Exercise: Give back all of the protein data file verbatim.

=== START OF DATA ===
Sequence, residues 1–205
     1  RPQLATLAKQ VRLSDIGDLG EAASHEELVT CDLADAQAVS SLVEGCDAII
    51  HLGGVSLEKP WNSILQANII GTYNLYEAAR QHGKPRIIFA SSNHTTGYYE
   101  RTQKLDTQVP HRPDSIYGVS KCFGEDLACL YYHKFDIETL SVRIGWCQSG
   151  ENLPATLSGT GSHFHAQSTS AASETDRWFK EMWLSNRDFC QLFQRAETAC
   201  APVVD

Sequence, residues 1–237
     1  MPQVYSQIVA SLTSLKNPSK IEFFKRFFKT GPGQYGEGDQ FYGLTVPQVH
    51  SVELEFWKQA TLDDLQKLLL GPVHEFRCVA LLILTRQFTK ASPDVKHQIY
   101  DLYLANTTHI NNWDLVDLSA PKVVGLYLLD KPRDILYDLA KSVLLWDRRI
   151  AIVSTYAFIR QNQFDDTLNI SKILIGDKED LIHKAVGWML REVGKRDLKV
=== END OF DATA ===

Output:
Sequence, residues 1–205
     1  RPQLATLAKQ VRLSDIGDLG EAASHEELVT CDLADAQAVS SLVEGCDAII
    51  HLGGVSLEKP WNSILQANII GTYNLYEAAR QHGKPRIIFA SSNHTTGYYE
   101  RTQKLDTQVP HRPDSIYGVS KCFGEDLACL YYHKFDIETL SVRIGWCQSG
   151  ENLPATLSGT GSHFHAQSTS AASETDRWFK EMWLSNRDFC QLFQRAETAC
   201  APVVD

Sequence, residues 1–237
     1  MPQVYSQIVA SLTSLKNPSK IEFFKRFFKT GPGQYGEGDQ FYGLTVPQVH
    51  SVELEFWKQA TLDDLQKLLL GPVHEFRCVA LLILTRQFTK ASPDVKHQIY
   101  DLYLANTTHI NNWDLVDLSA PKVVGLYLLD KPRDILYDLA KSVLLWDRRI
   151  AIVSTYAFIR QNQFDDTLNI SKILIGDKED LIHKAVGWML REVGKRDLKV